Mortgage Closing Process

Mortgage Closing Process in Connecticut


The mortgage closing process in Connecticut can seem a little overwhelming and mysterious to first-time buyers. The good news is, once you understand what happens, you will see that there is not much to it. Your loan will close when it has been approved by the Connecticut lender and all conditions of the purchase agreement and the mortgage are met and approved.

Escrow Process in Connecticut

Before a Connecticut mortgage closes, many people are at work ensuring all conditions of the purchase agreement are met. After the buyer and seller sign the contract, the loan application and approval process takes place. Conditions of the agreement must be met, including any contingencies, home inspections, pest reports, insurance requirements, title checks and more. The seller will need to prepare and sign disclosures, be available to answer questions, fix any problems that may come up with the title, and make the home available for inspections. The buyer in Connecticut will need to deliver any requested documents to the lender. The closing date will also be scheduled.

Mortgage Closing Process Connecticut

Steps for Closing Escrow in Connecticut

The following steps are completed during escrow:

  • The loan is pre-approved
  • The buyer's offer is accepted
  • The loan is submitted and the lender provides the borrower with a Loan Estimate (LE)
  • The escrow company requests documents from all parties and completes all escrow instructions
  • The property is appraised and inspected
  • The borrower receives the Closing Disclosure (CD) to review

Loan Closing in Connecticut Explained

To prepare yourself for closing, you must get together all loan and property documents you have received. This includes proof of homeowners insurance and flood insurance, the purchase agreement, the home appraisal, the home inspection report, proof of title search, and the Loan Estimate (LE) from the lender.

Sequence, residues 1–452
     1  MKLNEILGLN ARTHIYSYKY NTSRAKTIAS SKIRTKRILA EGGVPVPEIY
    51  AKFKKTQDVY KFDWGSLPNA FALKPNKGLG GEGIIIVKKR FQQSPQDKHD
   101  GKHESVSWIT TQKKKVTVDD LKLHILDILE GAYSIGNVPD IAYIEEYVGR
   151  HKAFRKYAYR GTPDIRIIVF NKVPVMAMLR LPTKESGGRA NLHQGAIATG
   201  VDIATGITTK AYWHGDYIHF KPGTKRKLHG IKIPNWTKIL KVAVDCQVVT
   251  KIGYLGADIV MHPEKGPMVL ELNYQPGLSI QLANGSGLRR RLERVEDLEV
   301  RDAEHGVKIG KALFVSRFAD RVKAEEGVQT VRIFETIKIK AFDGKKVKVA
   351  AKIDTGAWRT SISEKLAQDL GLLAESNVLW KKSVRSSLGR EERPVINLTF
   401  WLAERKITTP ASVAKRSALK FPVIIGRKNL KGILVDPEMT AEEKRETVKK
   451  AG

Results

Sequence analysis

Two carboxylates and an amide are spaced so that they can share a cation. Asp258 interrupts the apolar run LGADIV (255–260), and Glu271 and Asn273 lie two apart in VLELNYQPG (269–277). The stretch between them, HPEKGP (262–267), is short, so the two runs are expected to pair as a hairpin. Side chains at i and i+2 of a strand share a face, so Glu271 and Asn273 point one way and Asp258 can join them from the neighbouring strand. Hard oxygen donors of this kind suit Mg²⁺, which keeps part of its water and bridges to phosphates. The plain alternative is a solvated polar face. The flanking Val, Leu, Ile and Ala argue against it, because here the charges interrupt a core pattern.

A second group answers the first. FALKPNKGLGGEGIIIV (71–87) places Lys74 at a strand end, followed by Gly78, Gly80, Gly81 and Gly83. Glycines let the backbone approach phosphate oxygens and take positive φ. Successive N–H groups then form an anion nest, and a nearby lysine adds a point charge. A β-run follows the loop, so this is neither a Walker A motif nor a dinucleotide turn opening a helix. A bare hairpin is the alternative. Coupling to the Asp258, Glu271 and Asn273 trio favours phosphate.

Mortgage Requirements Connecticut

At closing, you will need to sign several documents including the Closing Disclosure (CD) Settlement Statement, Final Truth in Lending Act statement, deed of trust securing the note, and the mortgage note that says you promise to repay your loan. You will also need to pay closing costs at this point. Depending on the Connecticut loan program you have chosen, you may have decided to roll the closing costs into the loan, or your lender may have agreed to pay the costs.

Your Connecticut real estate agent or title company will hold the closing meeting and ensure the documents have been signed and recorded. The actual closing may be held at the office of the escrow or settlement agent, the lender's office, or the title company depending on customs in your area.

After all documents have been signed, you will receive the keys to your house.

Mortgage Closing Information Connecticut

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